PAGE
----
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Re: Re: Normal distribtion

Did you test that code?

Sin is often negative, hence x[Sin[....]] is Complex. Listplot, Max, Min, and Floor can't handle complex data, so there are LOTS of error messages.


On Wed, 7 Jul 2004 01:42:40 -0400 (EDT), Roger L. Bagula <rlbtftn at> wrote:

> To give a way of showing the symmetrical distribution
> I worked this program up.
> I use the Sign[2*Random[]-1] trick to get an equal sign distribution
> so that both sides of the distribution which is even can be seen.
> Since this distribution is closer to single valued on the real line
> even a 10000 it is very noisy.
> An equalized distribution with count:
> x[a_]=(1+Sqrt[a])/a
> noise=Table[Sign[2*Random[]-1]*Exp[-x[Sin[2*Pi*(2*Random[]-1)]]^2/2]/Sqrt[2*Pi],{n,1,
>        10000}];
> ListPlot[noise,PlotRange->All, PlotJoined-> True]
> b=Table[Floor[2500*noise[[n]]],{n,1,10000}];
> b0=Dimensions[b][[1]]
> bmax=Max[b]
> bmin=Min[b]
> c=Table[Count[b,n],{n,Floor[bmin],bmax}];
> ListPlot[c,PlotJoined->True,PlotRange->All]
> Roger L. Bagula wrote:
>> I found a better faster way to get a Gaussian/ white noise:
>> In Mathematica notebook style:
>> x[a_]=(1+Sqrt[1-a^2))/a
>> Noise=Table[Exp[-x[Sin[2*Pi*Random[]]]^2/2/Sqrt[2*Pi],{n,1,500}]
>> ListPlot[noise,PlotRange--> All,PlotJoined->True]
>> It is a projective line ( circle to line random taken as the basic for a
>> normal distribution's amplitude.) based algorithm.
>> Since it doesn't use either the polar method with has a choice loop or
>> the older 12 random method, the random operation has only to be used
>> once for each noise value.
>> It is faster by several factors and can be translated to almost any
>> language.
>> George Marsaglia wrote:
>>> "philou" <philou2000 at> wrote in message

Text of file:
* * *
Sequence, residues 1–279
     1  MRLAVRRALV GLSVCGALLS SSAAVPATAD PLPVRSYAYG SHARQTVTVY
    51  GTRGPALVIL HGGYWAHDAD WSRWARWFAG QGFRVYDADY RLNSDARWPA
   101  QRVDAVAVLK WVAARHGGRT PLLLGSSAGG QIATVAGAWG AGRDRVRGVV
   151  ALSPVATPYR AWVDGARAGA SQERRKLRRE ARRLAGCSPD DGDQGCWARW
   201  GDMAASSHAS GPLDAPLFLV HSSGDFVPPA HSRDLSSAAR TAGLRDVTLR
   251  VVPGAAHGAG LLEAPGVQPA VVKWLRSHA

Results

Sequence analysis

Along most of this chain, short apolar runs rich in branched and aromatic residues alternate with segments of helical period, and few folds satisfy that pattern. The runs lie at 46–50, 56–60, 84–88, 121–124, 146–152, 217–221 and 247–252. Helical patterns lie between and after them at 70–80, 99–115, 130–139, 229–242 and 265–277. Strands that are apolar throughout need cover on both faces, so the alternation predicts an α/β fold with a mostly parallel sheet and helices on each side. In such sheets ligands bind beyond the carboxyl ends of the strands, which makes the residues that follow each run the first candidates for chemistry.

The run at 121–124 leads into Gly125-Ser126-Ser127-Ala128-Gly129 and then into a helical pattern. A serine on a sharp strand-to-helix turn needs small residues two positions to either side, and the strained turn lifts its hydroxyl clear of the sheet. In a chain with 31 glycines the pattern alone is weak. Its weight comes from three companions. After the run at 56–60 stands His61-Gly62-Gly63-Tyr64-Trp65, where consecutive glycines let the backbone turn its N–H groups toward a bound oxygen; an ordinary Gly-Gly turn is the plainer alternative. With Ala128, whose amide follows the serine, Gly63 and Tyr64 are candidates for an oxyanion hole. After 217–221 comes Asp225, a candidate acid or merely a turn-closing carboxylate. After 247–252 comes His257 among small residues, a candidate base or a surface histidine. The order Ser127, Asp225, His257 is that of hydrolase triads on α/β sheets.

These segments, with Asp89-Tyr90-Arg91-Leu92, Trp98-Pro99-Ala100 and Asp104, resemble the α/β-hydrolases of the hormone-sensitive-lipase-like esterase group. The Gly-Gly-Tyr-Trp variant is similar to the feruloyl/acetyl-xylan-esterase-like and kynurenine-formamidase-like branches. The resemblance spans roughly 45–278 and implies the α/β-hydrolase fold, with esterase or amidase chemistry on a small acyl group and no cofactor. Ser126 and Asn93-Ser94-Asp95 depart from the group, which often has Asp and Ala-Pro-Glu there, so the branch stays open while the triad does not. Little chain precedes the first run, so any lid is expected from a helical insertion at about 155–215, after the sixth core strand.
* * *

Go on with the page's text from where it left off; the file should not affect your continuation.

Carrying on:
>>> news:7228735a.0407050100.4695fc68 at
>>>> Hi,
>>>> I heard that it was possible to get a realisation of a normal
>>>> distribution from two realisations of an uniform distribution. Can
>>>> someone explain me how to do that ? What transformations should I do ?
>>> Your hazy reference may have been based on my polar method for
>>> generating a pair of independent standard normal variates X and Y:
>>> If U and V are independent uniform in (-1,1), conditioned by
>>>               S = U^2+V^2 < 1
>>> then S is uniform in (0,1) and independent of the point
>>> (U/sqrt(S),V/sqrt(S)), which is uniform on the unit circumference.
>>> Thus if R=sqrt(-2*ln(S)/S) then
>>>      X=R*U
>>>      Y=R*V
>>> are a pair independent standard normal variates, obtained by
>>> projecting that uniform point on the unit circumference
>>> a random distance with a root-chi-square-2 distribution,
>>> exploiting the uniformity of S and its independence of
>>> the random point on the circumference.
>>> Of course one has to discard uniform (-1,1) pairs U,V
>>> for which S=U^2+V^2>1, so each normal variate is produced
>>> at an average cost of 4/pi=1.27 uniform variates.
>>> This method is sometimes improperly attributed to Box and Muller,
>>> who pointed out that pairs of normal variates could be generated as
>>> rho*cos(theta), rho*sin(theta) with rho root-chisquare-2 , sqrt(-2*ln(U)),
>>> and theta uniform in (0,2pi), a result we owe to Laplace, who showed us
>>> how to find  the infinite integral of exp(-x^2) by getting its square
>>> as the integral of exp(-x^2-y^2), then transforming to polar coordinates.
>>> For a method faster than my polar method, requiring about 1.01 uniform
>>> variates per normal variate, try the ziggurat method of
>>> Marsaglia and Tsang, in volume 5, Journal of Statistical Software:
>>> George Marsaglia

DrBob at

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